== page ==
But then things begin to go wrong.  A mutation arises – “The Mule” – who, as a result of being a mutation, has not been accounted for in Seldon’s equations.  (In his 1980s, novels, Asimov suggested that The Mule might have been an android – I prefer the original biological mutation genesis.)   The Mule is Asimov’s first indication that the future cannot be infallibly predicted.   And the episodes involving The Mule make for some of most exciting parts of the Foundation saga.

Fortunately for the good guys, it turns out that, at the very beginning, Hari Seldon/Isaac Asimov set up a special group of people who not only understood the import of the equations but were able to revise them as time progressed.  In fact, prior to the appearance of The Mule,  the First Foundation leaders really understand very little of the equations.  They just know that they have to get out of the way of events in history to let them happen as the equations predict.  But the second, more sophisticated group – the Second Foundation – has a “meta”-position in the saga. They are, in effect, Hari Seldon’s insurance policy, in case blindly following the equations does not work out the way the equations predict – which is exactly what happened with the unexpected appearance of The Mule.

And this, I think, brings home an extremely important point in the philosophy of knowledge, and its value in predicting the future.  The fact that human intervention is required, even in a situation in which equations seem to predict what is going to happen – human intervention to insure that those things happen – shows that there is no such thing as perfectly predicting the future.  Even accepting the premise that we could have a mathematics so sophisticated that it could encompass all human activities and therefore permit us to perfectly  predict the future – even with such a Laplace’s Demon realized - Asimov is saying in his Foundation trilogy that there is still an irreducibly open-ended quality to the future.  Which means that Laplace’s Demon is crucially less than a perfect prognosticator.

We might think of this as an open versus a closed system – an open Universe versus a closed Universe. This kind of territory is addressed not only in philosophy but in systems theory. 

But in a philosophy classroom, if you want to teach students to at least begin thinking about this particular kind of problem – if we have sufficient knowledge can we predict the future? – there is no better way than having them read the Foundation trilogy.  Like all great fiction, it puts abstract ideas into a setting that commands your emotional allegiance.

Now, Frank Herbert’s Dune trilogy – also started under John Campbell’s tutelage, and published as a series of novels beginning in the 1960s – is really a very different kind of story.  There are no equations in that universe – that is, no equations that enable people to predict the future.  What moves events in Dune are people who have the power to see the future - in particular, the hero of the original Dune trilogy, Paul Atreides, who becomes Muad’dib, whose combination of genetic make-up and exposure to a powerful spice, a certain kind of drug, gives him the capacity to see the future.  And so we once again have the question: if someone has the ability to see the future – this time not through devising and understanding of mathematical equations, but as the result of some kind of metaphysical, drug-related, genetically-based conditions – can that person be successful? Can he triumph over his enemies, right the wrongs in his world, and find personal happiness and satisfaction?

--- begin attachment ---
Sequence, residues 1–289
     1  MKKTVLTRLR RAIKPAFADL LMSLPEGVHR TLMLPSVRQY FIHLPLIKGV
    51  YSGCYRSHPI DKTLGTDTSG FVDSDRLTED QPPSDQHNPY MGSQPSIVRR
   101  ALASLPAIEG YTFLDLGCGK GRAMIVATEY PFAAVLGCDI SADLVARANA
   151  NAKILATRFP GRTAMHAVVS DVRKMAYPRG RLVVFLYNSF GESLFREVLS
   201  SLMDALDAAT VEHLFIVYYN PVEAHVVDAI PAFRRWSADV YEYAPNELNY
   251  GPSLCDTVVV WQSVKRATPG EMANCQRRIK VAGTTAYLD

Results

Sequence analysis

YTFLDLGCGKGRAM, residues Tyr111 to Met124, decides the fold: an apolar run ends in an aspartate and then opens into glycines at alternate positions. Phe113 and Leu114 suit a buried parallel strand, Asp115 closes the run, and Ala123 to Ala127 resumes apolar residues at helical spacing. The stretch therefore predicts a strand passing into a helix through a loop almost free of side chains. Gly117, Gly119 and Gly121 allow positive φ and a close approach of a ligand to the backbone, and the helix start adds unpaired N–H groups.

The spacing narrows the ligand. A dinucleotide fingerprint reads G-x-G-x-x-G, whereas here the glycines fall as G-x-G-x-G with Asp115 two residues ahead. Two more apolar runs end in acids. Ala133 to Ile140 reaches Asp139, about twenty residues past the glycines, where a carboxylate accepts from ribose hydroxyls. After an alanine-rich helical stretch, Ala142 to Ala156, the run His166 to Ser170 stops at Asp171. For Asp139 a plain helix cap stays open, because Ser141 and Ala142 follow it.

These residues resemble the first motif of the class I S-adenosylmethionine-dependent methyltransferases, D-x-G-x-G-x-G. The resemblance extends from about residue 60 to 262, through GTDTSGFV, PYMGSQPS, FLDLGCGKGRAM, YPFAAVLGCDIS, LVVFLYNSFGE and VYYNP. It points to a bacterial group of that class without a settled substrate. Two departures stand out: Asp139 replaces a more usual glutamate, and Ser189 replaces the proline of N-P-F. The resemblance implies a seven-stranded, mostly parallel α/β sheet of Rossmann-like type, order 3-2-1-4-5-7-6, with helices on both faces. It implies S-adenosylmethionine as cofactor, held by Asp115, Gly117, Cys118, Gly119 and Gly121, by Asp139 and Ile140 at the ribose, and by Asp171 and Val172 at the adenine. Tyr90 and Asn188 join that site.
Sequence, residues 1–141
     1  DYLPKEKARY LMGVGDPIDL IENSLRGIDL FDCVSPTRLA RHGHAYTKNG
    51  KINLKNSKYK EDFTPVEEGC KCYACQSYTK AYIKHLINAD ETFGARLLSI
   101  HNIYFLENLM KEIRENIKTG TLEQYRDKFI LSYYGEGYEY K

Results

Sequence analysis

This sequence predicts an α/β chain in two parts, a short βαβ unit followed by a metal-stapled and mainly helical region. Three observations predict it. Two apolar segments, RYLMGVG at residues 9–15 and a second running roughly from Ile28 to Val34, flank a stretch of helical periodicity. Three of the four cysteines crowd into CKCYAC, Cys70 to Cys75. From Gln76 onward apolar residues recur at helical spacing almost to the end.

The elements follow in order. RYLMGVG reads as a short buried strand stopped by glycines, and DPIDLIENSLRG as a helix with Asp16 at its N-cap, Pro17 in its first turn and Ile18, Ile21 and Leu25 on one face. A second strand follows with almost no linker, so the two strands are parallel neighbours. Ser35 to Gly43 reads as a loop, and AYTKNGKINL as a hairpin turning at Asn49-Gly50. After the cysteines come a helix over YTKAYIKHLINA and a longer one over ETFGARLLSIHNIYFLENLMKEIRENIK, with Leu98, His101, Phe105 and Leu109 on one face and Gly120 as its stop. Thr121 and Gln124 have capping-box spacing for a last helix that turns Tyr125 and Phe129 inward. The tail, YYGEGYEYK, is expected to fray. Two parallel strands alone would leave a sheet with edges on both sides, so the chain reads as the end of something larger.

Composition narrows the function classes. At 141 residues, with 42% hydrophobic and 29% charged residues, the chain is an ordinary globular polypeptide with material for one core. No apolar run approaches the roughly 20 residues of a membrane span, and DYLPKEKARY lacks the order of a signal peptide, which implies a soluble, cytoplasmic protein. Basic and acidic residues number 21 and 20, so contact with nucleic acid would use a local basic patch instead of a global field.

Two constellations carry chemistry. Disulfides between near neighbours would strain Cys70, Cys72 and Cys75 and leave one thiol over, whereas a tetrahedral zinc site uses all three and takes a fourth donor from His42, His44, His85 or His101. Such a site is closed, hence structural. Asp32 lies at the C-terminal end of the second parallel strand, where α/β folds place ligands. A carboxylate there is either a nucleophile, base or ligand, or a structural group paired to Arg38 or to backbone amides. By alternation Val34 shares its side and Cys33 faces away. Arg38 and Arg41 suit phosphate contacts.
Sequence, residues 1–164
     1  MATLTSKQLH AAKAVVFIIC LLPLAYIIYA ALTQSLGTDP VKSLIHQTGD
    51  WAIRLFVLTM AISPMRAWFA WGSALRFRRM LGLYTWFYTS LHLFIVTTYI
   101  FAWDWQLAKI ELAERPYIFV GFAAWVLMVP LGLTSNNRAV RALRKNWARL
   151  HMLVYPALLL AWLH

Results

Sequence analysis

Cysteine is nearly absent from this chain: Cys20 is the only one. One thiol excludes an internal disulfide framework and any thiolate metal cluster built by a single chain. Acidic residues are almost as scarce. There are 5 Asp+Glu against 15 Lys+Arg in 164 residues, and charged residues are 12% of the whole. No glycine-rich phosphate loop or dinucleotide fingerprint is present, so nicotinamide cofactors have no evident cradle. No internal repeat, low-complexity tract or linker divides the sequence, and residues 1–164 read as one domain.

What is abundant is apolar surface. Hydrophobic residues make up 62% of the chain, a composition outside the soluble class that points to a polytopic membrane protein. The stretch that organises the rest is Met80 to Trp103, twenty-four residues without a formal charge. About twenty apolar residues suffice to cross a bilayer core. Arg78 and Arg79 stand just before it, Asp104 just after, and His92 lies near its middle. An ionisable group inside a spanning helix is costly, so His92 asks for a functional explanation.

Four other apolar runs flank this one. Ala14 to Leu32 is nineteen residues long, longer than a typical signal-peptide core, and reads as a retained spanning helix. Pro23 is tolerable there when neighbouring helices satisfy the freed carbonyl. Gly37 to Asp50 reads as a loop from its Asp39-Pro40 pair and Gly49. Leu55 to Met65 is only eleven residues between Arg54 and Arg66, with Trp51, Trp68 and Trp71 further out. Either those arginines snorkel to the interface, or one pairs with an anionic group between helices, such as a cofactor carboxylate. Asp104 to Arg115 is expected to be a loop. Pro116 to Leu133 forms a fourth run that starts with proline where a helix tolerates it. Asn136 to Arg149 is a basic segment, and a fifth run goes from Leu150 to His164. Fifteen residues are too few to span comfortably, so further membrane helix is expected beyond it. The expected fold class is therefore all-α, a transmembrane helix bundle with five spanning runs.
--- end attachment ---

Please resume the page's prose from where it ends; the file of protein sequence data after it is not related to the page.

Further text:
And once again, the answer in the Dune trilogy is similar to the answer in the Foundation trilogy, because at first Muad’dib does well with his ability to predict the future. He is able to foresee what his enemies may do and take appropriate actions to make sure those things do not happen.   But what then begins to happen, inevitably, is he not only sees certain things in the future not to his liking, but begins to see that if he tries to prevent those things from happening he will cause other bad things to occur.  And in the end, he is actually destroyed by his ability to foresee the future. He loves a woman by the name of Chani, and she is captured by one of the bad-guy groups, and they offer to give her back to him, and he loves her very much but he can foresee in the future that if he takes her back she in effect will be someone that he cannot rely on – she will not be the person that he previously loved, even though she seems, for all intents and purposes, to be that person.  And so Paul Muad’dib decides not to take Chani back – to let her die - and as a result, he winds up tearing himself apart. He is caught between the rock of his love for her and the hard place of his capacity to see the future. He wants with all of his soul to take her back but he can foresee that she is not going to be what she was.  Neither solution – taking her back or not taking her back – is acceptable.  So he walks off into the desert, a broken man.  Another victim of the capacity to have knowledge of the future.  A capacity which, in Dune, is almost a curse.

So what the Foundation saga does on a mass-societal level, the Dune stories do in a personal dimension.  But as for the philosophic question of what value does knowledge of the future have? – once again, in the Dune series, the answer provided is: it does not give you the ability to necessarily succeed.  Because whatever you might see in the future can put you in an untenable situation in the present where there is no way that you can succeed.

For people, then, who are interested in philosophic questions – students, teachers, everyone -  I  would  recommend the Foundation and Dune novels as vivid introductions to one of our most profound philosophic problems.   And they are more than introductions.  They are stages upon which this problem is acted out, upon which the ironies and paradoxes of predicting of the future are invested in dramatic characterizations which give them a compelling, almost flesh-and-blood appeal.

We can read, with great profit, Plato and Laplace and other philosophers on these and related subjects – which come under the headings of epistemology and cosmology, the nature of the Universe, and to what extent can it be determined.  But the science fictional setting gives us something unique.  As we come to identify with the characters and enjoy the stories, we internalize the philosophic issues in a way that makes them a permanent part of our thinking.  I became a philosopher, without realizing it, and wrestled with Laplace’s Demon the day that I first started reading the Foundation trilogy – when I was twelve years old. And the trilogy has never left me.